There aren’t many places in the world these days that can be dubbed veritable paradises, but, I’ve just been to one, Isla Holbox (pronounced Hole-Bosh).
Ever since the creation of Cancun in the 1970s by the Mexican Government and some hoteliers, the Mayan Riviera has exploded with tourism, now stretching more than 80 miles (130 km) south to the picturesque Mayan Ruins of Tulum (which has become a small city itself after a major boon in foreign/local investment).
While places like Playa Del Carmen (fastest growing city in North America) allure vacation goers looking for more of an “adventurous” vacation beyond the confines of a gated all-inclusive, there really isn’t much left on the Mayan Riviera with pristine, undisturbed beach front and raw nature.
But, one such island which offers miles of powdery white coastline, unbelievably blue/calm waters and flora & fauna in its natural state is none other than Holbox.
Even as I write this post, this small skinny island at the top of the Yucatan Peninsula is experiencing more tourists than the day before. A friend and fellow travel blogger, Ryan from PauseTheMoment.com has been frequenting the island over the last couple of years and every time he comes back, he’s shocked at the growth, most of which is due to Isla Holbox being featured in The New York Times 52 Places to Visit in 2016.
The island of Holbox is actually pretty long, about 26 miles (42 km), but it’s only 1 mile wide (1.5 km). There is a small fishing village on the far western corner where you arrive by ferry from the mainland. The town is growing very quickly, but still offers an authentic vibe with its old wooden fishing shacks complete with thatch roofs where local Mexican fisherman still call home.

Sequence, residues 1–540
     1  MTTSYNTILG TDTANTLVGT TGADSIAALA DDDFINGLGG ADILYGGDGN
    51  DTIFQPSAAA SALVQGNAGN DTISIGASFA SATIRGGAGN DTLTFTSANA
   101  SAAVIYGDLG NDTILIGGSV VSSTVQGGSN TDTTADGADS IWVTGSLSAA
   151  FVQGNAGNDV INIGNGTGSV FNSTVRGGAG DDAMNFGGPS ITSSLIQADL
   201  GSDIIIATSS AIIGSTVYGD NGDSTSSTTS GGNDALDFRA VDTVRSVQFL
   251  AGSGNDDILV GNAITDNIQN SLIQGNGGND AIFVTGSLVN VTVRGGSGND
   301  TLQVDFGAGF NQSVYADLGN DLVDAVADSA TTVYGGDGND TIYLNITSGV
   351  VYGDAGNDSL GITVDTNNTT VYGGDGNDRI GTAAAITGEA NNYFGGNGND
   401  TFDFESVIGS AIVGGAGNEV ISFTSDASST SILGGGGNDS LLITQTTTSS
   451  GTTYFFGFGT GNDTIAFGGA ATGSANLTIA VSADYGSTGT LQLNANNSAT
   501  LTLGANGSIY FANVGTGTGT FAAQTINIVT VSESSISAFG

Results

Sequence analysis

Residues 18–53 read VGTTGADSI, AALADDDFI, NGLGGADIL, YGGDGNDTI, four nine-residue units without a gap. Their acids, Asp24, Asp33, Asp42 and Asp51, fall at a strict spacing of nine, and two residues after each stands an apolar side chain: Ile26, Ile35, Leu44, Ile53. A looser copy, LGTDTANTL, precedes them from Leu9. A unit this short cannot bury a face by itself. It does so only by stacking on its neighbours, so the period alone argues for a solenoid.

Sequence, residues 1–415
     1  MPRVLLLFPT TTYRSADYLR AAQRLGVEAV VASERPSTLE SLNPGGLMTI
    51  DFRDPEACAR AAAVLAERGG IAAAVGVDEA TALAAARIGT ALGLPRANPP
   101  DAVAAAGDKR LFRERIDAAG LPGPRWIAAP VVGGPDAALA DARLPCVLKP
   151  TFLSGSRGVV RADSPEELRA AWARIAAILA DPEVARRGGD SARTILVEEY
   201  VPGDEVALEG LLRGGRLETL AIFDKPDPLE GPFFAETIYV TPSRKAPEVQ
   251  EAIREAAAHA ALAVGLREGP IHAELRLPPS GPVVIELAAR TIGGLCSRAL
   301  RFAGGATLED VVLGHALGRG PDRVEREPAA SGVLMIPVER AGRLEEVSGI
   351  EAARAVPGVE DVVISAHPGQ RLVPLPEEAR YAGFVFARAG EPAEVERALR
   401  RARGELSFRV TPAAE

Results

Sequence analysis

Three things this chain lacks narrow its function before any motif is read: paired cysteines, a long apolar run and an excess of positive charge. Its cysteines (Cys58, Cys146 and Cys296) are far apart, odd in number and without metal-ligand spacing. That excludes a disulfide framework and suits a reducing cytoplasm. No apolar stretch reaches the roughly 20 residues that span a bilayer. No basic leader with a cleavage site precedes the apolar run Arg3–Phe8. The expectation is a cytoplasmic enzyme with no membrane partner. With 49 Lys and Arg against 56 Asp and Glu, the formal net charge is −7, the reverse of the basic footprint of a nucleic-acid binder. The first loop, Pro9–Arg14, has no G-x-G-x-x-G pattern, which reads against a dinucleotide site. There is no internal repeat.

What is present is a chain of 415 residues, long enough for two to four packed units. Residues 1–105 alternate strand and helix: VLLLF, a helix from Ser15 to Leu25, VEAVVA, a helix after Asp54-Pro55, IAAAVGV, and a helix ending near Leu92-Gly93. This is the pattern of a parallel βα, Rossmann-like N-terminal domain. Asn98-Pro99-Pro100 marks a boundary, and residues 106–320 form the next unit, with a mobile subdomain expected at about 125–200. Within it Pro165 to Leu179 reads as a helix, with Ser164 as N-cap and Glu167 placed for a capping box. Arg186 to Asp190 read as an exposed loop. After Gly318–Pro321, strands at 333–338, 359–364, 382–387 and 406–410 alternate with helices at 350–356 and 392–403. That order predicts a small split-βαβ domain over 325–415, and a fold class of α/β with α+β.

You can walk from the ferry port on the south shore to the north shore of the island where the amazing beaches are located in about 10 minutes. There are some beach front hotels to the east and west of the town about a mile or two in each direction but, things remain very calm as there are no large resorts on the island, and the beaches are open to anyone.
You’ll find a melange of delicious restaurants ranging from ultra-fresh seafood joints (caught hours before by the locals) to Argentinian, Sushi and much more. Local and foreign artisans have opened up many galleries with great artwork showcasing local crafts as well as the rest of Mexico. The town has a very bohemian and relaxed vibe.
There is an ATM on the island located in the main square above the police station from a legitimate bank, but it is advised to bring some cash with you as well.
In terms of accommodation, you have many options ranging from camping on the beach to backpacker hostels to luxury boutique hotels. There are actually plenty of options on Airbnb even.
Things to do on Holbox
Kick back and relax! One of the nicest parts of Holbox is you’re not bombarded by people trying to sell you tours and excursions (while there is a little bit of that, it’s not aggressive).